Another investor pushes Hasbro to settle with Alta Fox

Updated 1:15 p.m.

BOSTON PARTNERS, which owns a 2.26% stake in Hasbro, told the news service it's backing Alta Fox’s three candidates for Hasbro’s board of directors, adding a settlement would benefit both Hasbro an its shareholders. / PBN FILE PHOTO

PAWTUCKET – Another Hasbro Inc. investor is pushing the toy company to settle its proxy battle with activist investor Alta Fox, Reuters reported Wednesday.

Boston Partners, which owns a 2.26% stake in Hasbro, told the news service it’s backing Alta Fox’s three candidates for Hasbro’s board of directors, adding a settlement would benefit both Hasbro and its shareholders.

“At this point, we are recommending to our Governance Committee to vote in favor of the Alta Fox nominees,” said William Butterly, Boston Partners’ general counsel and director of sustainability and engagement. “A greater refresh of the board is necessary to drive positive change at the company level.”

In a letter to Hasbro shareholders, Alta Fox urged investors to vote against Hasbro board Chairman Rich Stoddart and board members Lisa Gersh, chairwoman of the compensation committee, and Edward Philip.

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Alta Fox has nominated three people to replace Stoddart, Philip and Gersh: Marcelo Fischer, chief financial officer of IDT Corp., Rani Hublou, former chief marketing officer at 8×8 Inc., and Carolyn Johnson, former chief transformation officer at American International Group Inc.

“We felt absolutely compelled to proceed with a campaign to elect highly qualified individuals with fresh perspectives and open minds,” Haley wrote to Hasbro’s shareholders. “We believe Hasbro suffers from an arrogant, insular and ineffective board culture under Rich Stoddart and other long-tenured directors.”

Alta Fox, which owns about 2.5% of Hasbro’s shares, has demanded that the company spin off its Wizards of the Coast division into a separate company, but Alta Fox has been rebuffed by Hasbro executives and the board of directors.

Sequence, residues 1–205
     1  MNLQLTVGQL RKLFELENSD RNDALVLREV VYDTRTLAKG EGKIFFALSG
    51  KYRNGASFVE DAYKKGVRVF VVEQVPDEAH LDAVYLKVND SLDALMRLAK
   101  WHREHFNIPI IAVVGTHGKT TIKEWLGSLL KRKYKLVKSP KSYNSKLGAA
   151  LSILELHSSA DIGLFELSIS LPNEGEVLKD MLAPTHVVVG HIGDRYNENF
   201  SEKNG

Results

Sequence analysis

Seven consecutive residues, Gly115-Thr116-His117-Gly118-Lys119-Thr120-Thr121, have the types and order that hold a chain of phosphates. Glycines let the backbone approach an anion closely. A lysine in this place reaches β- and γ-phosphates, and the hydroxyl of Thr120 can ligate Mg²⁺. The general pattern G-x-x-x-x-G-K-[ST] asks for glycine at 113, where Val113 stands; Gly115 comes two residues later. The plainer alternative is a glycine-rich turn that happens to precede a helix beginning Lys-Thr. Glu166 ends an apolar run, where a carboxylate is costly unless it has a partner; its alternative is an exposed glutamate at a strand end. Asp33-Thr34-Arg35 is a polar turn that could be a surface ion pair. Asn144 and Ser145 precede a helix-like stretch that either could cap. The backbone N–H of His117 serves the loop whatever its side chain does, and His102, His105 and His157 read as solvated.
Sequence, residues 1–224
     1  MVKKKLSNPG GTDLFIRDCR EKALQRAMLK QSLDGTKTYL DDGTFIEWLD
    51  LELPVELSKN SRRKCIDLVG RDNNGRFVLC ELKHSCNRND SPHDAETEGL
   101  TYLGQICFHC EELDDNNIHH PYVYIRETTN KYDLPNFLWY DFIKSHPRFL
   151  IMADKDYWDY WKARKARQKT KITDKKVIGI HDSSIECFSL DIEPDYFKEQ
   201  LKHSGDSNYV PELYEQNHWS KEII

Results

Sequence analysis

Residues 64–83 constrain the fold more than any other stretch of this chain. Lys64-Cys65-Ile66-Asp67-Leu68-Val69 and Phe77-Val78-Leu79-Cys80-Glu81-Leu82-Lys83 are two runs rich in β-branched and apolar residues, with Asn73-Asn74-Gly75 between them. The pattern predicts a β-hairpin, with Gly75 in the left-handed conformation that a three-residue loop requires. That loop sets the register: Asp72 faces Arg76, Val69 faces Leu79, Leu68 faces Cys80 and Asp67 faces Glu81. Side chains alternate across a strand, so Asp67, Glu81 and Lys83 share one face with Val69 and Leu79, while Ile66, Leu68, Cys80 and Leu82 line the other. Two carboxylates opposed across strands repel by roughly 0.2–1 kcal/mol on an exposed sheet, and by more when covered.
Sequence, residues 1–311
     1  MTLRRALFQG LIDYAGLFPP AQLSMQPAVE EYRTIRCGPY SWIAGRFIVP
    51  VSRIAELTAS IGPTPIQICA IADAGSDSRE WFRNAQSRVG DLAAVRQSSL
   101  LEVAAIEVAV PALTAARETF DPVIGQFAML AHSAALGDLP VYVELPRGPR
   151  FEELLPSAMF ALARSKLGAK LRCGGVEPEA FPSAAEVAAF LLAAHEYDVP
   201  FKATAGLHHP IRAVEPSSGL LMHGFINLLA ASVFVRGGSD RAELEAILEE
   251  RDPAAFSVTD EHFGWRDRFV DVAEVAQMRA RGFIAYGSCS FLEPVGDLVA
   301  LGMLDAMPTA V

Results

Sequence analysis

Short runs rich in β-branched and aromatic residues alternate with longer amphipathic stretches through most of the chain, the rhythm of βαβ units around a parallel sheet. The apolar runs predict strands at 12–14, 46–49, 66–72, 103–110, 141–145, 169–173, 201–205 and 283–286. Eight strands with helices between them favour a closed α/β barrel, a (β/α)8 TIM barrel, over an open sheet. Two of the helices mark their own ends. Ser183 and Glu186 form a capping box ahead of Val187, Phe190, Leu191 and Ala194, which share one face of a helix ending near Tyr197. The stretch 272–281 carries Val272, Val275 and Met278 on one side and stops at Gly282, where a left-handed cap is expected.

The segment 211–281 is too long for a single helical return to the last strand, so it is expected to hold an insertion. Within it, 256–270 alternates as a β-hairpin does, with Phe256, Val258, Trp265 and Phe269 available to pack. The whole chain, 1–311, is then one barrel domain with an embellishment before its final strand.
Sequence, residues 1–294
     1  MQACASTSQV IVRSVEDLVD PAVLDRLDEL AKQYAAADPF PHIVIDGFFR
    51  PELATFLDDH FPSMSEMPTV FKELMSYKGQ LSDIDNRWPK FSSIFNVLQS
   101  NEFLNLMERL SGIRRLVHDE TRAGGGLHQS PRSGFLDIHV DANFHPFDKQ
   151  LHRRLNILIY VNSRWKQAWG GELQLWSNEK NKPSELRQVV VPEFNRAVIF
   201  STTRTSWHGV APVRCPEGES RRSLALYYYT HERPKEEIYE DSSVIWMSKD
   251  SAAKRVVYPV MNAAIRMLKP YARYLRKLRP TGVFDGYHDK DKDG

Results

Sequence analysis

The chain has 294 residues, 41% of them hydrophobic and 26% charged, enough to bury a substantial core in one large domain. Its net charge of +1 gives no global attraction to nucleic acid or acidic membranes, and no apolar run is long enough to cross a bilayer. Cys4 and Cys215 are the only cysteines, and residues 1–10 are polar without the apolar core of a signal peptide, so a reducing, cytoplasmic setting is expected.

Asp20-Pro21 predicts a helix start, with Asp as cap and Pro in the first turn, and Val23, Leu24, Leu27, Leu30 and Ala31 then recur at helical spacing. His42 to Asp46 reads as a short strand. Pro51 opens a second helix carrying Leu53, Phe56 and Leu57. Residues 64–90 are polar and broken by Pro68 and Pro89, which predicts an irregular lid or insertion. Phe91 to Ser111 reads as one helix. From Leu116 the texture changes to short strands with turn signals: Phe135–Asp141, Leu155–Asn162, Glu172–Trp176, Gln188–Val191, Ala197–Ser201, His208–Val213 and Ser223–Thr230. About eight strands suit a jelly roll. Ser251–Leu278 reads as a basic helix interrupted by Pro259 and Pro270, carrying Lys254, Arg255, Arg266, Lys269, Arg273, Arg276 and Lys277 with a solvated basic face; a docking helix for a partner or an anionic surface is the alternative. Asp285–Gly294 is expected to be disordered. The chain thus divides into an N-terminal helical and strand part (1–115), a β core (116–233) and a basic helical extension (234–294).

Hasbro called the proxy campaign by Alta Fox Capital Management “ill-timed” and contended in a letter to its shareholders that Alta’s nominees lack “any relevant industry expertise.” The letter added the activist investor “lacks an understanding” of the company and that its slate of candidates for Hasbro’s board of directors should be rejected in a June 8 proxy vote.

In March, representatives for Hasbro and Alta Fox attempted to negotiate a settlement over representation on the board of directors.

Hasbro said in a U.S. Securities and Exchange Commission filing that it proposed adding a director that both Alta Fox and the company could agree upon. Hasbro also said it offered to have CEO Chris Cocks meet with Alta Fox at “regular intervals” and provide “enhanced” financial disclosures on Wizards of the Coast.

In turn, Alta Fox offered a settlement in which it would have only one of its nominees added to the Hasbro board.

Both sides could not reach an agreement.

In April, Hasbro added two members to expand its board to 13, which is scheduled to shrink to 12 members next year and 11 members by 2024.

Ancora Holdings, which has a 1% stake in the toy maker, is also encouraging the replacement of some unnamed, “long-tenured incumbents” on Hasbro’s board of directors and the partial sale of Entertainment One in its May 3 letter to Hasbro shareholders.

The investor claimed Hasbro should “cut its losses” and execute a transaction that could reap $2 billion and tax benefits. It also urged Hasbro to spin off the Wizard’s of the Coast division, noting that its shares “are currently trading at a 75% discount to intrinsic value.”

Hasbro bought Entertainment One for about $4 billion in 2019 to expand into the infant and preschool market by gaining access to popular TV shows such as “Peppa Pig” and “PJ Masks.”

(Updates: Corrects Hasbro board of directors expanding to 13 members in April in ninth paragraph and adds detail about negotiations between Hasbro and Alta Fox.)

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